What Is Device Manager?

Find all your hardware devices in one place

Device Manager is an extension of the Microsoft Management Console that provides a central and organized view of all the Microsoft Windows recognized hardware installed in a computer.

Managing hardware devices installed in a computer, like hard disk drives, keyboards, sound cards, USB devices, and more, can be done through Device Manager.

You can use it to change hardware configuration options, manage drivers, disable and enable hardware, identify conflicts between hardware devices, and much more.

Think of this tool as the primary list of hardware that Windows understands. All the hardware on your computer can be configured from this centralized utility.

Windows 11 Device Manager

Device Manager Availability

Device Manager is available in nearly every Windows version including Windows 11, Windows 10, Windows 8, Windows 7, Windows Vista, Windows XP, Windows 2000, Windows ME, Windows 98, Windows 95, and more.

Some small differences do exist from one Windows version to the next.

How to Access Device Manager

Device Manager can be accessed in several ways in all versions of Windows, most commonly from the Control Panel, the Command Prompt, or Computer Management. However, a few of the newer operating systems support some unique ways for opening it.

Windows 11 Power User Menu with Device Manager option

You can also open it through the command-line or Run dialog box with a special command.

Just to be clear, Device Manager is included in Windows—there's no need to download and install anything extra. There are a number of downloadable programs called "Device Manager" that do this or that, but they are not the utility in Windows that we're talking about here.

How to Use Device Manager

Like what's shown in the example image above, Device Manager lists devices in separate categories so that it's easier to find what you're looking for. You can expand each section to see which devices are listed inside. Once you find the right hardware device, double-click it to see more information like its current status, driver details, or in some cases its power management options.

Some of these categories include Audio inputs and outputs, Disk drives, Display adapters, DVD/CD-ROM drives, Printers, Sound, video and game controllers, and Universal Serial Bus controllers.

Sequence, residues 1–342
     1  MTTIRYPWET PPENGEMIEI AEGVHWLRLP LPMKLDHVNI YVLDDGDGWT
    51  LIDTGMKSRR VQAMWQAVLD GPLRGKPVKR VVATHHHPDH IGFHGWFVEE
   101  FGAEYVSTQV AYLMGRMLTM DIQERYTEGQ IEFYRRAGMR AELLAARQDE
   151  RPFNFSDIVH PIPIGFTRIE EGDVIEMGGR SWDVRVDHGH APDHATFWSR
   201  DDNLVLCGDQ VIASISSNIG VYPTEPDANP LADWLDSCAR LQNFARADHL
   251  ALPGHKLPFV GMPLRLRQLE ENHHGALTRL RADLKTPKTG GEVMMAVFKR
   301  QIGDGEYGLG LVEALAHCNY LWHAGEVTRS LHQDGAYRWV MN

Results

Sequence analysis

If you were having troubles with your network card, you might open the Network adapters area and see if there are any unusual icons or colors associated with the device in question. You can double-click it if you want more information about it or to perform one of the tasks listed below.

Code 22 error in Device Manager
A Disabled Device in Device Manager (Windows 10).

Each device listing contains a detailed driver, system resource, and other configuration information and settings. When you change a setting for a piece of hardware, it changes the way Windows works with that hardware.

More Information on Device Manager

Different things happen in Device Manager to indicate an error or the state of a device that isn't "normal." In other words, if a device isn't in complete working order, you can tell by looking closely at the list of devices.

It's good to know what to look for because it's where you go to troubleshoot a device that isn't working properly. You can go to Device Manager to update a driver, disable a device, etc.

Something you may see is a yellow exclamation point. This is given to a device when Windows finds a problem with it. The issue may be extreme or as simple as a device driver problem.

If a device is disabled, whether by your own doing or because of a deeper problem, you'll see a black arrow by the device in Device Manager. Older versions of Windows (XP and prior) give a red x for the same reason.

To further convey what the problem is, Device Manager gives error codes when a device is having a system resource conflict, driver problem, or another hardware issue. These are simply called Device Manager error codes or hardware error codes.

  • How do I run Device Manager from Command Prompt?

    Type cmd in the Windows search bar to open the Command Prompt, then enter devmgmt.msc.

  • How do I find my webcam in Device Manager?

    Look for your camera under Cameras or Sound, video, and game controllers. If you still can't find the webcam, go to Action > Scan for hardware changes and wait for Device Manager to scan and reinstall updated drivers. Restart your computer and look for your camera again.

  • How do I distinguish USB ports in Device Manager?

    Go to View > Devices by Connection to see what's connected to each USB port. If you're still uncertain, right-click a USB root hub and go to Properties > General to see what's connected to it.

Was this page helpful?